“Homefront,” a new actioner starring Jason Statham and James Franco emoting from a script written by Sylvester Stallone, is the kind of movie that probably plays best on VHS. It feels like an old-school action flick, one that might have starred Stallone in the early nineties, that might be best seen through a haze of snowy grain.
But the real advantage to watching this on video would be the chance to fast forward through all the slow bits.
Statham plays Phil Broker, a former undercover cop who left law-and-order behind after a sting went bad and a biker drug lord’s son was executed. Now he leads a quiet life with his ten-year-old daughter Maddy (Izabela Vidovic) in Rayville, Louisiana, a backwoods town one resident ominously describes as, “a bit like Appalachia… feuds can happen here.”
Sure enough Broker and his daughter become the talk of the town when Maddy punches a bully at recess. What should have been a schoolyard scrap escalates when the bully’s mom (an emaciated Kate Bosworth) asks her meth-dealing brother Gator (Franco) to pay Broker a visit and even the score.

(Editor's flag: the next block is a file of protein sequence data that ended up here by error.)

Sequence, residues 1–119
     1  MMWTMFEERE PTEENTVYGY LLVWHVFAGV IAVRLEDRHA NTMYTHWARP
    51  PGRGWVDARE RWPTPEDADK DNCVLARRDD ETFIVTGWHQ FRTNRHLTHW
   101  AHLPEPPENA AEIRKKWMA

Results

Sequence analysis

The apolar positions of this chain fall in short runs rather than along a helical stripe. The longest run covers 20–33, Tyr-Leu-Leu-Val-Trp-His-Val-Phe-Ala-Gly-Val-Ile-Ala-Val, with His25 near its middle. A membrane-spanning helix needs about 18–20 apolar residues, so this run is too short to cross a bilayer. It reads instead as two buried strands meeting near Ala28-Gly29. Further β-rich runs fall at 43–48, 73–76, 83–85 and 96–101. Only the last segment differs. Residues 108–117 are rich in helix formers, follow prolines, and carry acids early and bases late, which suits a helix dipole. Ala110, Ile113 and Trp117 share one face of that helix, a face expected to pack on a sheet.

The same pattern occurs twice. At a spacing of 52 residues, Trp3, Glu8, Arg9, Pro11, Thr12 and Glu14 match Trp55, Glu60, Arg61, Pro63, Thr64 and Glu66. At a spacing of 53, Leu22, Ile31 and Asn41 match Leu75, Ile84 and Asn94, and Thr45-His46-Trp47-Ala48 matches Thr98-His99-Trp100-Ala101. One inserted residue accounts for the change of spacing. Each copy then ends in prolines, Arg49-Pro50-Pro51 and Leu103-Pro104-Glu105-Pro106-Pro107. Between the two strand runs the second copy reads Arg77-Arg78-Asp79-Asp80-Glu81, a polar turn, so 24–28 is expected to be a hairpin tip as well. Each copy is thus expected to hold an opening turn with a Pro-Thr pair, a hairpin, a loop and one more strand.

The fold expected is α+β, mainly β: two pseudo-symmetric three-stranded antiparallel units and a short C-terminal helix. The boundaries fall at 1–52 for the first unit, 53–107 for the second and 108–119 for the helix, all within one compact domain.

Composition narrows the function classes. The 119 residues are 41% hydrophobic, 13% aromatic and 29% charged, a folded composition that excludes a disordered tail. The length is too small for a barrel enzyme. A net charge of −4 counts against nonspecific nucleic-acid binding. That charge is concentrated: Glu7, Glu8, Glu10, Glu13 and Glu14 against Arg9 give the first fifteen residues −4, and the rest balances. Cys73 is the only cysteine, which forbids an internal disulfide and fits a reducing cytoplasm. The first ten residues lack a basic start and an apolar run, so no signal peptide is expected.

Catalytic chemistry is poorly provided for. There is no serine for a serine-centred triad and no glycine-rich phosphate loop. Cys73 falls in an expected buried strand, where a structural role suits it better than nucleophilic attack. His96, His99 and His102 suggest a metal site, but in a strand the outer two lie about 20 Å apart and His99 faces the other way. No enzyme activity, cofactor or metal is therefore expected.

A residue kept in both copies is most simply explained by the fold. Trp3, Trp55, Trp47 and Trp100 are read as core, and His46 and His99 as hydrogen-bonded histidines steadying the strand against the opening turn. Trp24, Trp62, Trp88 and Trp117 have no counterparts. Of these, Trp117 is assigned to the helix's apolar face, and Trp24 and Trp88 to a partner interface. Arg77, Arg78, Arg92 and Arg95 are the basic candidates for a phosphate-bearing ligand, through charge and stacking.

Before you can say Hatfields and McCoys, Gator is causing trouble. He discovers the truth about Broker’s past and in addition to fueling some good old fashioned feudin’ he hatches a plan with his “meth whore” girlfriend Sheryl (Winona Ryder) to hand over Broker to the bikers he double crossed in return for a meth distribution deal.
It sounds exciting—it hits all the b-movie b’s, bikers, babes and bullies—but Statham is at his best when he’s busting heads and the movie provides relatively little of that. Sure he nails a guy to a post with a knife and pushes another dude’s head through a car window but he spends most of the movie in family guy mode.
He cares for his daughter, her stuffed bunny and cat Luther, and the movie really wants us to know it but endless scenes of Broker mooning over his daughter grind the story to a halt. Too bad there’s no fast forward button at the theatre.
In other words, I liked it when Statham was punching people. I liked it less when he wasn’t.